- France national cyclo-cross championship
- Critérium International de cyclo-cross
- Tour de France:
- A Travers Lausanne
- Tour de France:
- Winner stage 11
- 4th place overall classification
- World Championship cyclo-cross
- Bol d'or des Monédières Chaumeil
- Tour de France:
- Winner stage 15
- 5th place overall classification
- Tour de France:
- Winner stage 11
Grand Tour results timeline
|Tour de France||1||16||4||12||27||5||DNF-14||DNF-5||DNF-10||DNE||DNE||DNE||DNF-20|
|Vuelta a España||DNE||DNE||N/A||DNE||N/A||N/A||N/A||N/A||DNE||DNE||DNE||DNE||DNE|
|DNE||Did Not Enter|
|DNF-x||Did Not Finish (retired on stage x)|
|DNS-x||Did Not Start (no started on stage x)|
|N/A||Race/classification not held|
|NR||Not Ranked in this classification|
- Robic was nicknamed Le farfadet de la lande Bretonne (the hobgoblin of the Brittany moor) by eminent authority René de Latour, but there is some doubt whether the nickname was accepted by Robic or his contemporaries. It may have been Latour's conflation of the nickname of Robic's sometime Breton team-mate Jean-Marie Goasmat, "le farfadet de Pluvigner" (the hobgoblin of Pluvigner). Goasmat was also small, slight and had big ears, whilst Pluvigner is a village in Morbihan, Brittany. As of 2014 Latour's is the only known use of the nickname for Robic, whereas for Goasmat there are other French language sources.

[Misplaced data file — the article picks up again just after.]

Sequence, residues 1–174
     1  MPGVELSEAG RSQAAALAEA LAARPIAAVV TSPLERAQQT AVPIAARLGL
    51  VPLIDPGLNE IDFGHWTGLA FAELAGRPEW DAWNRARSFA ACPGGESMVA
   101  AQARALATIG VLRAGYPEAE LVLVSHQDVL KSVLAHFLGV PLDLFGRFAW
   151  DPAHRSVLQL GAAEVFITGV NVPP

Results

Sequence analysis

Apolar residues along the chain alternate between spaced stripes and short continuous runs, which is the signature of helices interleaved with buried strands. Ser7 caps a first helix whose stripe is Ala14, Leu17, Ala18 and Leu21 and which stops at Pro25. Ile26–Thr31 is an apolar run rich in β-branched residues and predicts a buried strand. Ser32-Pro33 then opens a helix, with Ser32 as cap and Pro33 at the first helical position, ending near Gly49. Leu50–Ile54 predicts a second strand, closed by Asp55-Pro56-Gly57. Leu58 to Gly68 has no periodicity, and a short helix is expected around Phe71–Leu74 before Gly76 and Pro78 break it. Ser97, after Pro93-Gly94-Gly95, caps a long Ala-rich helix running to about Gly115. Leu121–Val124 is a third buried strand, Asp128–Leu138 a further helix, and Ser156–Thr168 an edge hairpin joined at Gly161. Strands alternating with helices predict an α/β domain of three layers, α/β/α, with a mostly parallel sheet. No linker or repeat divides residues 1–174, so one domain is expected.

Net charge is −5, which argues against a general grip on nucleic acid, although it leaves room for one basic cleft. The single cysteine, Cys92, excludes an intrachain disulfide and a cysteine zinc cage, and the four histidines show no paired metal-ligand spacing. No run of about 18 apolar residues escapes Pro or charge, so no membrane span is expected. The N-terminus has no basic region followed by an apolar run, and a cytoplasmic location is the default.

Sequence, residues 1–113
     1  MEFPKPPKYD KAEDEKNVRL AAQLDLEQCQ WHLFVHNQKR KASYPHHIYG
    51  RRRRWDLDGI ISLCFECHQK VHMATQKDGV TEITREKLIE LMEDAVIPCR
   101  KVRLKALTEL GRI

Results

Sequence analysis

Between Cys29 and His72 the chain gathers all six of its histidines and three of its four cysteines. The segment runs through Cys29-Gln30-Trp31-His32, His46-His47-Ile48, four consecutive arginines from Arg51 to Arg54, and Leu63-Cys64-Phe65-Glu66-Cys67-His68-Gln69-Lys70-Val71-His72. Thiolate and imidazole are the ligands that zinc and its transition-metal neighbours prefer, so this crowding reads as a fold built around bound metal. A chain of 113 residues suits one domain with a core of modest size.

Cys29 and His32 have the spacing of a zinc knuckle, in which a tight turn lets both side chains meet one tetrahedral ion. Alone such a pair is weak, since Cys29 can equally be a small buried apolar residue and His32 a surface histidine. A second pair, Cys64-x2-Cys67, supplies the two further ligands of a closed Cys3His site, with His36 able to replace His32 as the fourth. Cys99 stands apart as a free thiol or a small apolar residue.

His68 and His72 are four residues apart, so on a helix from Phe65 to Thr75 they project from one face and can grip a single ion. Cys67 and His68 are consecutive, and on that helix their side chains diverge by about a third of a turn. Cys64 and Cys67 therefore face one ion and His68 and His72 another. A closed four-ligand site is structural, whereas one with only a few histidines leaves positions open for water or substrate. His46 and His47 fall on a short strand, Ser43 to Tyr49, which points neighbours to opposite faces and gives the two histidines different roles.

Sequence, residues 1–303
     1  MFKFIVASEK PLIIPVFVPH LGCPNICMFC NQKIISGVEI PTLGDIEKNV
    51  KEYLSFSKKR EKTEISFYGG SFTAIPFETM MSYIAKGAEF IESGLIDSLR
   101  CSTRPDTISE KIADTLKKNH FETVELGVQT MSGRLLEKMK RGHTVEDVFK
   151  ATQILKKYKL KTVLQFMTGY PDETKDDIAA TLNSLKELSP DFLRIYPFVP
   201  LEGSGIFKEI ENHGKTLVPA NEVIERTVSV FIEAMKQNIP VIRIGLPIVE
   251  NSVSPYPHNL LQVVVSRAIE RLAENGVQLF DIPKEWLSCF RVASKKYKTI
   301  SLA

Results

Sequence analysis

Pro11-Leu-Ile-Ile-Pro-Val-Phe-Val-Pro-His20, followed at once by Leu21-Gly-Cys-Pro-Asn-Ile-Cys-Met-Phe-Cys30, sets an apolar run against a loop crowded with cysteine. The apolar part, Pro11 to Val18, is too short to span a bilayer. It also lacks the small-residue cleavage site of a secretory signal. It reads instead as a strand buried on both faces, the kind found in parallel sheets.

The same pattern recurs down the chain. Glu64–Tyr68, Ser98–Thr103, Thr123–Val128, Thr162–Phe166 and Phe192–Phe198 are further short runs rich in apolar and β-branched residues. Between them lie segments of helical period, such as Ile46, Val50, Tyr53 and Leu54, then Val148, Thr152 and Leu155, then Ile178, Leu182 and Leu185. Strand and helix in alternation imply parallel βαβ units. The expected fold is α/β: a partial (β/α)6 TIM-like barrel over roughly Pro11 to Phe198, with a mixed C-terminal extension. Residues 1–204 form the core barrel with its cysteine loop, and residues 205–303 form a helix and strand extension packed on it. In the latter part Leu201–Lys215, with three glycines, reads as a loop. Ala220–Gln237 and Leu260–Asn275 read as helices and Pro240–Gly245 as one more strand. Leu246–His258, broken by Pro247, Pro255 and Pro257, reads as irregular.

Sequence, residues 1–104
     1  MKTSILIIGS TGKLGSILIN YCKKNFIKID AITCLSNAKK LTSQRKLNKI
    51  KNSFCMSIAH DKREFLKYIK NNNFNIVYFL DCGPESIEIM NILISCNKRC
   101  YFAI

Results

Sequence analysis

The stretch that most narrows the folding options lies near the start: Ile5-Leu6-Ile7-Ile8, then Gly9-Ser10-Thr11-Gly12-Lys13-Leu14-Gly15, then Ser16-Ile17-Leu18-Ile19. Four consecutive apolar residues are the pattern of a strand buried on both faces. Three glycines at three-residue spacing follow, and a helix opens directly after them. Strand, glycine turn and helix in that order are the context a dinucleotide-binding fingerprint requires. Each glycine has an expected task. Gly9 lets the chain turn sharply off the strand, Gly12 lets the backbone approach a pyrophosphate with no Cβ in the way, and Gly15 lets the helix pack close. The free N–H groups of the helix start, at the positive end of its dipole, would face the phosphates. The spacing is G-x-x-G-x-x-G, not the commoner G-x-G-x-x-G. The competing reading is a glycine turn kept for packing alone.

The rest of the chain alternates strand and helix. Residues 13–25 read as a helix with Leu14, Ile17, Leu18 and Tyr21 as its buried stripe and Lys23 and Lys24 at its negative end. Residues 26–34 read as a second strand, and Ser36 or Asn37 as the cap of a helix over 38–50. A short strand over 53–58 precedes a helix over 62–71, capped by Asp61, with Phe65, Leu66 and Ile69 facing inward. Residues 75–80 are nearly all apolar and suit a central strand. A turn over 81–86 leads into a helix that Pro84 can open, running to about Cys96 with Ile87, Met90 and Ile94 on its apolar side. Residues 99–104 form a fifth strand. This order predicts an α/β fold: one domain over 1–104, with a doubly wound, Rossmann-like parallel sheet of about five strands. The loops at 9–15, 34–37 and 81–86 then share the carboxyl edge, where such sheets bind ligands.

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- "Club cyclo du Ninian à Plémet"[permanent dead link].
- Sporting Cyclist, UK, January 1968
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- Sporting Cyclist, UK, December 1966
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- Vélo, France, July 2007
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- Just west of Orly airport, Paris
- "Jean ROBIC" Archived 12 May 2006 at the Wayback Machine. letour.com
- "Jean Robic dominee le cyclo-cruss de Buc. memoire-du-cyclisme.net
- Dave Moulton. "Dave Moulton's Bike Blog: Jean Robic: The little giant".
- Cycling. "Monuments – Jean Robic".